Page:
“Rich Dad Poor Dad”

The core concepts of certain types of self-help are intimately bound up with an ideology of meritocracy. Don’t forget that this term was originally conceived negatively (by Michael Young). Somehow, possibly through the enormous influence self-help has had, it has come to be seen in a positive, even utopian, light. The cream rises to the top, they say (unless society is unstirred stew, rather than milk, where it’s actually the scum that rises). But this involves a scary level of self-deception to maintain belief in: you’d have to ignore the existence of gross inequalities in education provision (public/private schools), leg-ups that the middle-class receive like Old Boy networks, nepotism, inheritance, cultural capital (accent, ‘manners’, shared taste, deportment etc), internships which presume financial independence, class/race/gender privilege, effects of environment, family expectations and so on and so on. Thus the rejoinder is ‘what doesn’t kill you only makes you stronger’. Proponents of this view like to argue anecdotally here: “my Dad started from scratch…”. But let’s be grown-up and focus on classes as a whole. The argument of meritocracy is somehow to claim the moral high ground, of fairness. Everyone’s got a fair crack, ‘free enterprise’, anyone can get rich. It doesn’t even make sense: of course not everyone can get rich, hierarchy is built into our very economic system, and it’s colossally more difficult for someone at the bottom than someone nearer the top of the ladder. Meritocracy spreads the huge deception of a level playing field.

One facet of self-help common to all its forms, is an emphasis on individualism. Full and unqualified responsibility is dumped unceremoniously on the shoulders of the individual. In this way of thinking, humans are kidnapped from their heritage, context, social structure, collectivity and social class. If you have nothing to start with, what’s the big deal? Pull yourselves up by your bootstraps. Stop making excuses. Stop playing the blame game. So what if you had no education, turbulent home life, no money, just do it. This ties neatly in with changes in rhetoric about government and their relationship with the people, from the ‘70s. A new phraseology appeared in politicians’ speeches the world over, denouncing government intervention and a culture of dependence, and praising laissez-faire policy (now every other word is ‘strivers’ or ‘aspiration’). The State would no longer be able to encroach on personal freedom without a damn good fight. If everyone were just left alone they’d be fine.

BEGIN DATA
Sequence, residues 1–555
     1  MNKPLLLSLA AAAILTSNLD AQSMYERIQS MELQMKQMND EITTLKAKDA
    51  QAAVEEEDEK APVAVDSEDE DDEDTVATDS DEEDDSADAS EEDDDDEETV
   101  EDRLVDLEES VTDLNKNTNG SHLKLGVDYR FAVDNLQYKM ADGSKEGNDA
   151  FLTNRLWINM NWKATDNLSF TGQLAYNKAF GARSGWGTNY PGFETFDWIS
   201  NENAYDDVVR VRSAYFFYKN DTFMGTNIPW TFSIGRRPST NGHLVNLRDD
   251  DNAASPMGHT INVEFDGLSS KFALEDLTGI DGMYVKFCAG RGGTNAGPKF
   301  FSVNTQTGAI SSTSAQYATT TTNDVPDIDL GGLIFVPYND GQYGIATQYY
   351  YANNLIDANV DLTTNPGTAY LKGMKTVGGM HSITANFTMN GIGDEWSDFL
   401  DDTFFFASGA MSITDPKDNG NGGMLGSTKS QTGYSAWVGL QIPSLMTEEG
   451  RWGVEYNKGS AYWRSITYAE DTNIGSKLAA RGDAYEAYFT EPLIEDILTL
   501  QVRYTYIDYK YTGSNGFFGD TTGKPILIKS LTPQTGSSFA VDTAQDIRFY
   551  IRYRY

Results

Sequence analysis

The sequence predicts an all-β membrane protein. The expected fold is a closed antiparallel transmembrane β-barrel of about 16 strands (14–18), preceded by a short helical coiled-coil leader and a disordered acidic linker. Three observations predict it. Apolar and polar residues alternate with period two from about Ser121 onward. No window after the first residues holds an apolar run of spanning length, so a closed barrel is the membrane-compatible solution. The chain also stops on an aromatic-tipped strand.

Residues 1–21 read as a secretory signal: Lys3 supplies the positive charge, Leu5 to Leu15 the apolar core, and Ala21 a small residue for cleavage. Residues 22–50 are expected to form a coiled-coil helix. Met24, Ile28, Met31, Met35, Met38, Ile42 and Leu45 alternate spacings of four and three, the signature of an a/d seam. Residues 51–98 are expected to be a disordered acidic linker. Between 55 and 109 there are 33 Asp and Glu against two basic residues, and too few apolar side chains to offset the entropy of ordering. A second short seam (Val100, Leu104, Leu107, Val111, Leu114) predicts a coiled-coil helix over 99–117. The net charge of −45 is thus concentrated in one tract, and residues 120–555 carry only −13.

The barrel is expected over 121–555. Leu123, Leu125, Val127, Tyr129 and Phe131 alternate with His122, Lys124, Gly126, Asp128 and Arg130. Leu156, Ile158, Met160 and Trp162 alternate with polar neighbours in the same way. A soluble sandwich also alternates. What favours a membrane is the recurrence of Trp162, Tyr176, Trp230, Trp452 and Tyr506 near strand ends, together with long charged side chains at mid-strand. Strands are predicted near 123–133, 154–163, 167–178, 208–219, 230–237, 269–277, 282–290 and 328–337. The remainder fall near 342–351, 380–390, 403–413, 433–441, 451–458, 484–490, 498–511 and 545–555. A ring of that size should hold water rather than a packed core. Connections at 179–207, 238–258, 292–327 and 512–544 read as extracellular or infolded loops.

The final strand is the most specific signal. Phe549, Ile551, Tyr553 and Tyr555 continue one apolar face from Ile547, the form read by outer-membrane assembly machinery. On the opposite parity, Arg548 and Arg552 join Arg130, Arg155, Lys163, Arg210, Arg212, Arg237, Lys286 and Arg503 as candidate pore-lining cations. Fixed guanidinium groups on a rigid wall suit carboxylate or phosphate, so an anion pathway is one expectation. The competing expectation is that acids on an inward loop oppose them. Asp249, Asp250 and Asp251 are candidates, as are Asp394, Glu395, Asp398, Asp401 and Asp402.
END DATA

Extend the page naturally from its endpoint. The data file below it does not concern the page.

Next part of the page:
Many commentators have also attacked self-help for representing and fostering a culture of narcissism (most famously, Christopher Lasch). For them it represents a loss of community and wise elders; a crisis of the self. All of a sudden, when the self-helper has absorbed self-help into their very psychology, it’s impossible for them to do anything for anyone but themselves. Any attempt at altruism is ultimately part of the self-help project. One’s ultimate goal is to create a certain kind of self – and every move forward from that point is merely aspect of this self-creation, whether it helps others or not.

 

The Complete Idiot’s Guide to Self-help for Dummies

Thatcher was a huge admirer of the original self-help guru Samuel Smiles. Her svengali Keith Joseph even had a new edition of his 1859 Self-help published. When I was a teenager I didn’t get that connection between self-help and Thatcherism, or the wider neoliberal project, but I knew there was something fishy about it as I sat there in the car and listened to Tony Robbins tapes with my Dad.

What the self-help industry often does is cleverly target our dreams, latch onto the lack of fundamental aspects of humanity in our lives, and promises them to us without ever being able to provide. It’s pernicious because it does not address underlying problems and yet claims to: it does not address alienation in either the Marxist or Sartrean sense, nor uncertain unemployment, practical impotence in the workplace, the megadeath of meaning under late capitalism (the simulations and simulacra, the fetishization of commodities, the commitment to growth and productivity beyond all reason). And it holds you, the individual, responsible for your life, back and belly. And it refuses to brook any defence, for after all, what doesn’t kill you only makes you stronger. By this rationale, the most oppressed should become the most powerful, and if they don’t they should look hard in the mirror before holding bosses, shareholders, or politicians to account.